Former UMD hockey coach’s gender discrimination trial begins (USA)
Shannon Miller was one of the most successful women’s hockey coaches in the history of college athletics.
She was the first women’s hockey coach at the University of Minnesota Duluth, and in 16 years, won five national championships, and reached 300 wins faster than any other coach in Division I women’s hockey history.
Despite that success, UMD told Miller at the end of 2014 that the university would not renew her contract, a move that garnered national attention at the time amid a wider debate over gender equity issues in college sports, especially among women’s coaches.
After initially citing financial reasons for the termination, the university later argued her performance had declined. UMD failed to qualify for the NCAA tournament during Miller’s final four seasons.
Her salary was the highest of any collegiate women’s hockey coach in the country, and UMD officials said they decided they were no longer receiving a sufficient return on that investment.
In a federal lawsuit that goes to trial this week, Miller claims the working environment at UMD was sexist, and says she received hate mail, but that UMD did nothing in response to her complaints.
She argues the real reason for her firing was gender discrimination, and as retaliation for her complaining about harassment, and her repeated reports of disparities in funding between the women’s and men’s hockey programs at UMD.
Jury selection in the case begins Tuesday, and the trial is expected to conclude by March 14. Miller is seeking several million dollars in damages for emotional distress and lost income, according to one of her attorneys, Don Mark Jr.
Initially, three UMD coaches — Shannon Miller, women’s softball coach Jen Banford, who also worked for Miller as director of hockey operations, and women’s basketball coach Annette Wiles — filed a discrimination lawsuit against the University of Minnesota Board of Regents in September 2015.
But last month, U.S. District Judge Patrick Schiltz dismissed the claims filed by Banford and Wiles, and narrowed the scope of Miller’s trial.
Most significantly, the judge said he did not have jurisdiction to hear the coaches’ claims alleging discrimination based on sexual orientation — all three women are openly gay — despite concluding that the “plaintiffs’ sexual orientation claims — and in particular, their hostile environment claims — are their strongest.”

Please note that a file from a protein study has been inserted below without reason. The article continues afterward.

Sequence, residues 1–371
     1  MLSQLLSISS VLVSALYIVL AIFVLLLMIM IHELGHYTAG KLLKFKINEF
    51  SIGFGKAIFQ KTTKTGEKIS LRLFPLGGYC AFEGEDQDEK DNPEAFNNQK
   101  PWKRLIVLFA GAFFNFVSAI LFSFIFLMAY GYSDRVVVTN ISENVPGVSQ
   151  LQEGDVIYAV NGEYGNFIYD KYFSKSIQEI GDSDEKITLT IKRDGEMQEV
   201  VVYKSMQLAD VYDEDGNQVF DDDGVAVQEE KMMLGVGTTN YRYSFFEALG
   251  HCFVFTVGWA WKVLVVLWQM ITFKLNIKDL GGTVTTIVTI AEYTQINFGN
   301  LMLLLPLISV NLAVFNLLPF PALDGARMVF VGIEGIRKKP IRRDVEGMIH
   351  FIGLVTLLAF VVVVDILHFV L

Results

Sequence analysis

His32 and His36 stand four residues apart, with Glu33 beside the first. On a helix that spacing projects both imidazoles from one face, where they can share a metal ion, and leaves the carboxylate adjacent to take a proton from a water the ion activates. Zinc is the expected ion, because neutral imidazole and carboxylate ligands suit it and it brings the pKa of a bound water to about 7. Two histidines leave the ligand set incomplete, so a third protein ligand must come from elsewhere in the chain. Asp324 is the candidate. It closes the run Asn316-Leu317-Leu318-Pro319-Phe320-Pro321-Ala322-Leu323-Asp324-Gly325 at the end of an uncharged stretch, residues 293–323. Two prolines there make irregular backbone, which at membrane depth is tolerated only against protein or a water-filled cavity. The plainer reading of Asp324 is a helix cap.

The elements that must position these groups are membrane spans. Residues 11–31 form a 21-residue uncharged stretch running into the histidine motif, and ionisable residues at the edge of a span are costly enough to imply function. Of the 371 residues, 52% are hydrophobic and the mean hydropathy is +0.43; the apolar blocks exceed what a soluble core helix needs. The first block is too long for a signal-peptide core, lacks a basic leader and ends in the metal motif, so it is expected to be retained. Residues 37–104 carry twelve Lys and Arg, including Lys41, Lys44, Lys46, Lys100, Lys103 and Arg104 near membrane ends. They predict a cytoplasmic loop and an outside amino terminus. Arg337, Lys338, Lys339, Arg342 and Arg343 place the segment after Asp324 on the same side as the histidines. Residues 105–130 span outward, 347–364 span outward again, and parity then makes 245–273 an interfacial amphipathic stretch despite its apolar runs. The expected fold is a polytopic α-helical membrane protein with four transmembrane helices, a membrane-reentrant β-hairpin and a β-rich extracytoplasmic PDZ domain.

The plaintiffs resubmitted those claims in Hennepin County district court last Friday, alleging violation of the Minnesota Human Rights Act, Mark said.
The federal trial beginning Tuesday will instead focus on alleged gender discrimination and Title IX retaliation.
Judge Schiltz said Miller has presented sufficient evidence to proceed to trial, which will allow a jury to decide, among other things, whether:
• Scott Sandelin, UMD’s men’s hockey coach, had his contract renewed despite comparable (or arguably worse) performance.
• UMD applied different criteria in deciding to renew Sandelin’s contract, but not Miller’s.
• UMD administrators offered inconsistent explanations for their decision.
• UMD’s financial condition was not as dire as it claimed.
When the university initially told Miller she would not be rehired, officials said it was because of the overall condition of university finances and budget considerations. After Miller went public with her claim that UMD fired her for discriminatory reasons, UMD changed its story, Miller alleges, only then citing performance-related reasons.
“We seriously and vigorously contest that, and we will have expert testimony that showed they could have easily paid her salary,” Mark, Miller’s attorney, said. “They never even tried to keep her. They never even tried to negotiate her accepting a lesser salary.”
UMD says its initial public comments were limited out of respect for Miller’s past service to UMD, and because the university prefers not to publicly discuss details of personnel decisions.
In court filings, UMD says Chancellor Lendley Black and athletic director Josh Berlo had concerns about the team’s declining on-ice results, the team’s academic performance, “and the size of Miller’s contract given UMD’s budgetary issues and her competitive performance.”
“All along we’ve said we have a strong case and we continue to deny the remaining claims. And now it’s time for us to take that case to the jury,” said UMD spokesperson Lynne Williams.
The university is also arguing the plaintiffs don’t have a legally viable option to pursue claims based on sexual discrimination in state court, which the plaintiffs filed last week.
“The University of Minnesota Duluth will bring a motion seeking prompt dismissal of any state court lawsuit,” said U of M senior associate general counsel Tim Pramas.
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